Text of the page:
Industrialised animal agriculture is the second largest cause of environmental destruction. Animal farming destroys our forests, marine life, pollutes the waterways, and adds harmful greenhouse gas emissions to the atmosphere. It contributes significantly to climate change.
It is also one of the cruelest industry decimating 6.4 billion land and sea animals every year for food in the UK alone.
According to scientists, animals are intelligent creatures; many researchers who study animal cognition agree that animals “think”. They perceive and react to their environment.
Animals can suffer as much as humans do. They feel pain, pleasure, fear, frustration, loneliness, affection and create family bonds.
They interact with one another and experience different emotions, like stress or fear. When under captivity in factory farms, animals are reduced to “livestock”. Farmers keep them or trade as a source of income.
Animals are confined in small cages and go through horrendous processes during their short lives. They get beaten, forcefully impregnated, separated from their offspring, their babies killed, their beaks trimmed (chickens) and slaughtered. These animals are given no proper nutrition, mental stimulation, exercise, or space to roar-free.
Moreover, industrialised fishing impacts marine life. Overfishing and bycatch (capturing unwanted sea life while fishing for a different species) is a pressing marine threat. It causes the needless loss of billions of fish and hundreds of thousands of sea mammals.
The industry’s dirty secrets
Most people agree that it is not okay how and on what scale animals are being treated in these industries. The animal farming industry makes considerable efforts to hide the reality from us.
We often do not know what precedes the products and the food we consume because it all takes place behind closed doors.
Marketing claims of “free-range,” “happy cow,” or “responsibly sourced,” and other welfare claims that manufacturers, local butchers, and supermarkets use to promote their products are the tools they use to deceive the consumers.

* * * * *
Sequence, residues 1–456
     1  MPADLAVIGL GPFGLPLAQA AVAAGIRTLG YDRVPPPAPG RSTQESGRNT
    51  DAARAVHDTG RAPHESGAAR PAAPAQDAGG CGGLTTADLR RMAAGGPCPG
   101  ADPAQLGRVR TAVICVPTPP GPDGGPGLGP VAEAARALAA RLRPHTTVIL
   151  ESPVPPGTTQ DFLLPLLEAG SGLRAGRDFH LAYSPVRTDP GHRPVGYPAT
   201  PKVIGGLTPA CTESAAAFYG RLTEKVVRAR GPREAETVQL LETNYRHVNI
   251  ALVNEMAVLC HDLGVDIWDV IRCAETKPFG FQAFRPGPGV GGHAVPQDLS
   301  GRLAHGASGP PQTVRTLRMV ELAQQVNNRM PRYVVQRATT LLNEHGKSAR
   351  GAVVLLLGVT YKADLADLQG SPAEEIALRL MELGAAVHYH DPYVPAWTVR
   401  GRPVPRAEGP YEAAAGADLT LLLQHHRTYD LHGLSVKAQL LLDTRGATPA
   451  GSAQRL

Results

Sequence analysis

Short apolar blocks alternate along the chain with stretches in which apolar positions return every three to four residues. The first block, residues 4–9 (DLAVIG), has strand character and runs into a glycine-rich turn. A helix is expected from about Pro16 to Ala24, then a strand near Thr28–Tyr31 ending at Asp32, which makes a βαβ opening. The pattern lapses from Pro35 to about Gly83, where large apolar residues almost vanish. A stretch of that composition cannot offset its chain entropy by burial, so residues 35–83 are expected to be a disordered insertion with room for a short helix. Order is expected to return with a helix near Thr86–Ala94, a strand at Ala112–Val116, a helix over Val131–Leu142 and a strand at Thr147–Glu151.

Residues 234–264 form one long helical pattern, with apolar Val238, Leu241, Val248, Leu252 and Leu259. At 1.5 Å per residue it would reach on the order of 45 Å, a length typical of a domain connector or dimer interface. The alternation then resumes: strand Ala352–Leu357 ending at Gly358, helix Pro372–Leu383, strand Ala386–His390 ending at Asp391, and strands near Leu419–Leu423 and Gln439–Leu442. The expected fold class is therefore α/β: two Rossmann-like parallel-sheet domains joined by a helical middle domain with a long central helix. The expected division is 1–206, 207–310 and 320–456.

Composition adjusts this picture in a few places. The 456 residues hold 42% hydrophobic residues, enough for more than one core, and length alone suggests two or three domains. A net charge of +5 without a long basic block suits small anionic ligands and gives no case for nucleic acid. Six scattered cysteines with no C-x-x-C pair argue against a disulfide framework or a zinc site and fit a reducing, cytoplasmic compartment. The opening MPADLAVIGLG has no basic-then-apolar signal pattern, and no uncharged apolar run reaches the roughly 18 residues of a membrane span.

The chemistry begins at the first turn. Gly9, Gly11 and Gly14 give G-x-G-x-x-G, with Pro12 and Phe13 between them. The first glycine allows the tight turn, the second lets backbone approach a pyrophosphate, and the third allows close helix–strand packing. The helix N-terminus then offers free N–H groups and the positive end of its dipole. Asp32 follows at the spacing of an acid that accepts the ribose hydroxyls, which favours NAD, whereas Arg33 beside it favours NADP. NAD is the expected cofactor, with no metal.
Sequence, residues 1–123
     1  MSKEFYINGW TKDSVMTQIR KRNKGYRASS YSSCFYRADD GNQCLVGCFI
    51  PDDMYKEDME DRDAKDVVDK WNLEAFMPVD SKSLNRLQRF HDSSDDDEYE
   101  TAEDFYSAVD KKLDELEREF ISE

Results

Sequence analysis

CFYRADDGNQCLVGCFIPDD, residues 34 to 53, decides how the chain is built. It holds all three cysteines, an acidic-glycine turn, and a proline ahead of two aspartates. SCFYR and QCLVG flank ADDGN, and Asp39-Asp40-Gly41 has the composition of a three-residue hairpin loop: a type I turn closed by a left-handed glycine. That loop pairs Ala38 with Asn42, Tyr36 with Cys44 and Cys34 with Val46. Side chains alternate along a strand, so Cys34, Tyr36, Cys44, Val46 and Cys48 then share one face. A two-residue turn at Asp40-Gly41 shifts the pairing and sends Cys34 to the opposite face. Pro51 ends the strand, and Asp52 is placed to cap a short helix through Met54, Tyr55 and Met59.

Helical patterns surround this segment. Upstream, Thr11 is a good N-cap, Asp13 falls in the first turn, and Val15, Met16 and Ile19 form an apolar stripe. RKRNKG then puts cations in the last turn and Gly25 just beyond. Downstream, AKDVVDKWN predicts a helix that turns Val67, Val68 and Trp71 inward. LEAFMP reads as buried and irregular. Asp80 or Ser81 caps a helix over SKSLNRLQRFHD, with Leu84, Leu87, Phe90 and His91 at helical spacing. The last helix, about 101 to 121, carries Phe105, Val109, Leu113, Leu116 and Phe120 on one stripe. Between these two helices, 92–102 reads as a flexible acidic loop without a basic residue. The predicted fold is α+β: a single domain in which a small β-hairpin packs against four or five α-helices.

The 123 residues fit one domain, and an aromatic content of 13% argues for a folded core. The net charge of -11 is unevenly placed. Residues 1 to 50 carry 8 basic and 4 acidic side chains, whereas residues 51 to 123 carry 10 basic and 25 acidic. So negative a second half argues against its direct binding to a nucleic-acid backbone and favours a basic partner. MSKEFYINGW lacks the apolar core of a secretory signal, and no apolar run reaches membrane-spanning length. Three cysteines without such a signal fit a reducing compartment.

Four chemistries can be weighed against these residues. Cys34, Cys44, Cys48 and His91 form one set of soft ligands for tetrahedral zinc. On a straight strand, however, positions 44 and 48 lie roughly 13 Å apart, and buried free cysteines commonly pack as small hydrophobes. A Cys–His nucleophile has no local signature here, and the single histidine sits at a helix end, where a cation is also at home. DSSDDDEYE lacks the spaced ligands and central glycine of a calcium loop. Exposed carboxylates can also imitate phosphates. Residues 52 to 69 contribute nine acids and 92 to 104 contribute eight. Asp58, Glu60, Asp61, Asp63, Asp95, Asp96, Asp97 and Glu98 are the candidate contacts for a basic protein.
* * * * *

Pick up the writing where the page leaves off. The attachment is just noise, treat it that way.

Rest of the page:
Studies have concluded that labeling factory-farmed chicken as “higher-welfare” or attaching images suggesting that these birds roar outdoors is a way to play to our emotions and get us to purchase with a clear conscience.
Therefore, because of these marketing claims, we are less inclined to relate to the animals’ suffering.
We do not make the connection between the food on our plate or the milk in our coffee with the animal that provided it.
Animal farming – an example
Let’s take the dairy cows, for example. Dairy cows are the production machines and profit victims of dairy farms.
They live a miserable, painful life indoors for most of their lives.
Cows produce milk just like humans, for their babies only but the farmers take away their calves within hours of birth, to keep the milk for human consumption. The farmers keep the female calves for milking and either kill or sell the male calves to meat farms.
They also forcefully impregnate the dairy cows within three months after giving birth, to become pregnant again.
This cycle of cruelty lasts approximately three to five years, after which the cows can not produce enough milk and go to slaughter. Cows live for up to twenty years in nature but only around five in dairy farms.
Diversification strategies for a pant-based farming
Most industries that exploit animals for food, entertainment, fashion, construction, and medicine, focus solely on profit, which comes at the expense of their rights and welfare.
United Nations mentions that industrialised meat production is the second largest cause of environmental problems. Thsi includes soil and waterways pollution, sea acidification, and biodiversity degradation.
The internet brought us the globalisation of information. Activists and educators have unlimited powers to spread awareness about animal rights.
To create a sustainable and cruelty-free future, the governments will eventually look to subsidise industries that use fewer natural resources, such as farming crops for human – not animal consumption.
They will want to ensure that vital crop resources are fed to people rather than livestock.
These changes, of course, come at a cost. Factories, farmers, and fisheries need the governments’ support to diversify into producing food and supplies that are not dependent on livestock.
Subsidies will help these industries to acquire new skills, technologies, machinery, and production know-how to adjust to a kinder and sustainable way of farming.
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Top photo: EC
Don’t think there’s no animal cruelty happening in animal skin ‘producing’ industries. Not only does the animal obviously has to die to get its skin processed into leather: that skin is often industrially mass-processed by an industry that solely focuses on profit, resulting in a life not worth living for many of these animals that are being kept there.
Read the article: https://greenlivinguk.uk/what-is-vegan-fashion-and-how-to-shop-if-you-care/